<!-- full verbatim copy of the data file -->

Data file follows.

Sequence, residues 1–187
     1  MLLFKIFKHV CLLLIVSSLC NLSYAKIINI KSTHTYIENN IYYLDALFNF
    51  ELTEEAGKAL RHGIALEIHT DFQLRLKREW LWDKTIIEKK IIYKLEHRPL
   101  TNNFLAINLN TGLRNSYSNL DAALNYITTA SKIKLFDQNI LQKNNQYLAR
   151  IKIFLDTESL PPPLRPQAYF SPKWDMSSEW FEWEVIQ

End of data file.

Sequence, residues 1–187
     1  MLLFKIFKHV CLLLIVSSLC NLSYAKIINI KSTHTYIENN IYYLDALFNF
    51  ELTEEAGKAL RHGIALEIHT DFQLRLKREW LWDKTIIEKK IIYKLEHRPL
   101  TNNFLAINLN TGLRNSYSNL DAALNYITTA SKIKLFDQNI LQKNNQYLAR
   151  IKIFLDTESL PPPLRPQAYF SPKWDMSSEW FEWEVIQ